]. Unlike head lice and pubic lice, body lice are associated typically with poor hygiene, socioeconomic status and disasters [14
Pubic lice are adapted to a sedentary life style on pubic hair, and sometimes on eyelashes and body hair, not often leaving the infested body. They are usually transmitted during sexual contact, and have been associated with other sexually transmitted diseases [2
]. All lice infestations are diagnosed by identification of live adult lice, and viable eggs (nits) on the hair shafts in the specific body regions giving them their names [15
]. Empty egg cases attached to hair shafts are not diagnostic of an active infection. Treatment for lice infestations is summarized by the following table derived from Diaz [14
], and Leone [16
] (Table 1
As noted in Table 1
, resistance to the pesticides in pediculocide treatments is increasing. Only pyrethrins+PBO pesticide formulations are available in the US.
1.2. Pubic Lice Incidence in Recent Surveys
Typical Pthirus pubis
infestation burden in the world appears to be approximately 2% of the (mainly) adult population. Records are often related to STD clinic records or to travel data. In a recent report regarding numbers and types of ectoparasites in travelers returning to the UK, only 7 out of 73 (about 1.6%/year) insect specimens collected from symptomatic patients during the years 1994 to 2000 were identified as Pthirus pubis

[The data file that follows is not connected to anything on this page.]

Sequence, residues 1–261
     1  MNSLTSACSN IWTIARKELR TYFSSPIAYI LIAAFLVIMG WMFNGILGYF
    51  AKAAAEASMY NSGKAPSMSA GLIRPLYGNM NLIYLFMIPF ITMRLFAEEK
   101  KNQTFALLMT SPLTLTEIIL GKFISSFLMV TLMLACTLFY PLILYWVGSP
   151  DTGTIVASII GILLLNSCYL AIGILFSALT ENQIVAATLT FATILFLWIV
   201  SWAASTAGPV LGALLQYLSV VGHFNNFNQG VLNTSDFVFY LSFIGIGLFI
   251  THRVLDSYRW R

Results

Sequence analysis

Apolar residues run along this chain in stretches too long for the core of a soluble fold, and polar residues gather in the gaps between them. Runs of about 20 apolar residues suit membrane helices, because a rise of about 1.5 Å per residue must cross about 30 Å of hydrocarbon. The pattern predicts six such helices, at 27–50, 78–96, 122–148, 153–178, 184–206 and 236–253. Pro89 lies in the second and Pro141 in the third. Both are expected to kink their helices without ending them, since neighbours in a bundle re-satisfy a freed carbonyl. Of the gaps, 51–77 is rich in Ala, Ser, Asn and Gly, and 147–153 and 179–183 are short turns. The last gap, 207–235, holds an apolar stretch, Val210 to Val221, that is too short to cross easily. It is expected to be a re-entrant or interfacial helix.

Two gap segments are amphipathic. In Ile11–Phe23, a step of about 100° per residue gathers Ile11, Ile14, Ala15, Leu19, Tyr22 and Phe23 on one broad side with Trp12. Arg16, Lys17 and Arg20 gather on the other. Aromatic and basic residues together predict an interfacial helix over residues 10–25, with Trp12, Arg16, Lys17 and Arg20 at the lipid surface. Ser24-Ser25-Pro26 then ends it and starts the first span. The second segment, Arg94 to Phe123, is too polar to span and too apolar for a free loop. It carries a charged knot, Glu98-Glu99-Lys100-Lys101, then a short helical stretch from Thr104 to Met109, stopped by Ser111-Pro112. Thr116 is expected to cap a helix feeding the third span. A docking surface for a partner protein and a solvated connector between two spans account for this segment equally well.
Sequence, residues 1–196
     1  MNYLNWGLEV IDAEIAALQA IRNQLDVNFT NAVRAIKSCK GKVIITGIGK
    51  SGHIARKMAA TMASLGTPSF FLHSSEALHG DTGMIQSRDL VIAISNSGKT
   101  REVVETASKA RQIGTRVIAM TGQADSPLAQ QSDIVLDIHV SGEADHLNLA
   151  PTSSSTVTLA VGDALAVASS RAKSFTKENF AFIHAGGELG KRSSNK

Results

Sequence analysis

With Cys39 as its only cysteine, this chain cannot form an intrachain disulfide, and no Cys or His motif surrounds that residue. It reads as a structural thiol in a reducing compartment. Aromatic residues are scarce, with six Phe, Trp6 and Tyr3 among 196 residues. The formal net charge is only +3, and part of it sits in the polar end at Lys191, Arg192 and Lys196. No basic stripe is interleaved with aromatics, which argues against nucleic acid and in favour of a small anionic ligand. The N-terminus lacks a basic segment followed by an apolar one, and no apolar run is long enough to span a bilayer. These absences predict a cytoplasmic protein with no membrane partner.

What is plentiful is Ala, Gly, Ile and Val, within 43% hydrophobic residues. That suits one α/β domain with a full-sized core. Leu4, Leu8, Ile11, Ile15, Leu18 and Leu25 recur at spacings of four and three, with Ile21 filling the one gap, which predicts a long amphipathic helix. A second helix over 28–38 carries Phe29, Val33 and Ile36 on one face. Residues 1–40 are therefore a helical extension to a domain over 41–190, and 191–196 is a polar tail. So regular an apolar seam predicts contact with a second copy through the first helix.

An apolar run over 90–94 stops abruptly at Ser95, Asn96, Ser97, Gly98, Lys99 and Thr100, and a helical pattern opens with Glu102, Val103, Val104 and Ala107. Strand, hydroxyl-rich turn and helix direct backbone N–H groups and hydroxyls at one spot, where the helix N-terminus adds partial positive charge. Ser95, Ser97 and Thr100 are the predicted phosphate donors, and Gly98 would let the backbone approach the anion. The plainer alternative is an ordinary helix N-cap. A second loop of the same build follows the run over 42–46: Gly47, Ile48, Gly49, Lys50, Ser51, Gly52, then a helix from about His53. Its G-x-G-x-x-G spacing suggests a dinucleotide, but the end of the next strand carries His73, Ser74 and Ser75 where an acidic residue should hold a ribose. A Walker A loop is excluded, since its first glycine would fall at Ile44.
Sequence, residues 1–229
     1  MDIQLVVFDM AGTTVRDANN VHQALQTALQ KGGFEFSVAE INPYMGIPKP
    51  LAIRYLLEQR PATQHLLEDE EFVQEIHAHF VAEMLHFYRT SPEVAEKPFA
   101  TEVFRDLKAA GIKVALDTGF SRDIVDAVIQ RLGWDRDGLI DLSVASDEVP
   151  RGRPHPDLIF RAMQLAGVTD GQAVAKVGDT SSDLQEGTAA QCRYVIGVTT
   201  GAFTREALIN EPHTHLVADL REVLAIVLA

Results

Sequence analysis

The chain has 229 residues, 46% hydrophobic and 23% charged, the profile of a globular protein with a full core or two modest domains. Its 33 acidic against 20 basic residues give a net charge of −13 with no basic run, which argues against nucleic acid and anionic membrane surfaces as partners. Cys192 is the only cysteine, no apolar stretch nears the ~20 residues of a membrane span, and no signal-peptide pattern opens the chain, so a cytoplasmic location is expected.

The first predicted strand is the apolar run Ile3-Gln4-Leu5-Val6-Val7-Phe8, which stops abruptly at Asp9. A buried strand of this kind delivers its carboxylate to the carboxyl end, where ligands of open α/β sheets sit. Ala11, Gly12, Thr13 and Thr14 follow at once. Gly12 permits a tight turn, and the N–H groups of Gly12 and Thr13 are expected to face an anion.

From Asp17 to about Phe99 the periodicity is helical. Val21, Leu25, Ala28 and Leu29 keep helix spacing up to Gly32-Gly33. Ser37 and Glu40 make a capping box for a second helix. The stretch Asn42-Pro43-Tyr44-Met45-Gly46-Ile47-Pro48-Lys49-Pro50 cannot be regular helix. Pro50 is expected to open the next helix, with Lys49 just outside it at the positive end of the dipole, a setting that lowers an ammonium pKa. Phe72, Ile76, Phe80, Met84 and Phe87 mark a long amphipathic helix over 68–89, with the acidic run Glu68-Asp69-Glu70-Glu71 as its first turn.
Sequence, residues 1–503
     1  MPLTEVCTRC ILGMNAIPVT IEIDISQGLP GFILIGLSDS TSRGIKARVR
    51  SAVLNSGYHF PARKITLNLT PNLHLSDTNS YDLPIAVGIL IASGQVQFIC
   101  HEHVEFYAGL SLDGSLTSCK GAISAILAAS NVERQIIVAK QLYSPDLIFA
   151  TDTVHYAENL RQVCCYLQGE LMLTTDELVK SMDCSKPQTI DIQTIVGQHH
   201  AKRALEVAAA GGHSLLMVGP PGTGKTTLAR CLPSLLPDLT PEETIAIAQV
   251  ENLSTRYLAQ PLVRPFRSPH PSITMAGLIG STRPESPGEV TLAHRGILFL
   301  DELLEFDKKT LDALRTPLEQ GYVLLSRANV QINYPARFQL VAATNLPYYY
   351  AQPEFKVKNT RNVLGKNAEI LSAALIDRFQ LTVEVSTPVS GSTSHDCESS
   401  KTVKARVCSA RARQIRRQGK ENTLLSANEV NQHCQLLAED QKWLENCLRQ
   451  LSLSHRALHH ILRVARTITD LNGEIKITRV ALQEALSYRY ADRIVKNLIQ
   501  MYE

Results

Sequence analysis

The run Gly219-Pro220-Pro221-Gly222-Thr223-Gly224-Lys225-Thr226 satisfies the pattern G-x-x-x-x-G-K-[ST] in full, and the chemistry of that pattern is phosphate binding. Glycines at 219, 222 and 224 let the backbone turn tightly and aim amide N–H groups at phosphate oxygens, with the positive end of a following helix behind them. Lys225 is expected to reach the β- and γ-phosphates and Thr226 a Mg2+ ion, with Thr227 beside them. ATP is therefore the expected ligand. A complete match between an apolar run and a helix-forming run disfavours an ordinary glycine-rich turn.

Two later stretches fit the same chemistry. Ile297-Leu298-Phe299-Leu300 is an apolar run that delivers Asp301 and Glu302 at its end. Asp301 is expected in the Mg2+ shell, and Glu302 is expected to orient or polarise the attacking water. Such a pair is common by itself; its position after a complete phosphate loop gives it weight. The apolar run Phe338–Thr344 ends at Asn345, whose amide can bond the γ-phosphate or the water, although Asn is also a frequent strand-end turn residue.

]. In countries where travelers may have visited, however, infestations numbers were considerably higher. In Nepal, for example, a control group for a study of lice in children showed pubic lice prevalence at 7% for pubic lice with head lice, and 9% for pubic lice with body lice [17
]. Bignell [8
] found 3.5 % male and 2% female infestation with pubic lice in genitourinary clinic screening in the UK in 1991, but only 1% in 2004. Varela, et al.
] found a yearly infestation rate in Spanish STD clinic records of 1.3 to 4.6% over the years 1988 to 2001. In Australia, Hart [18
] reported that from 1988–1991 the incidence of Pthirus pubis
in men attending an STD clinic was 1.7% and in women 1.1%. Other articles from 1990–2006 included pubic louse infestation in STD clinic screening and prostitute screening of 2.2% infestation [5
In addition to maintaining information about infestation rates for pubic lice, it is also important to determine the level of information susceptible populations may have concerning treatment and transmission. Information about possible co-occurring STD infections and about effective treatment are needed for susceptible populations, such as college students, where sexual activity typically ranges from 70–90% [19
]. This project, therefore, was undertaken to survey college students at a medium-sized East Coast University regarding student experience, knowledge and attitudes about pubic lice and infestation prevention and treatment. Cultural myths, prejudice, stigma and shame may prevent individuals from seeking treatment for pubic lice and possibly other STD infections [9
], which in turn prevents accurate surveillance, and can confound appropriate health intervention measures.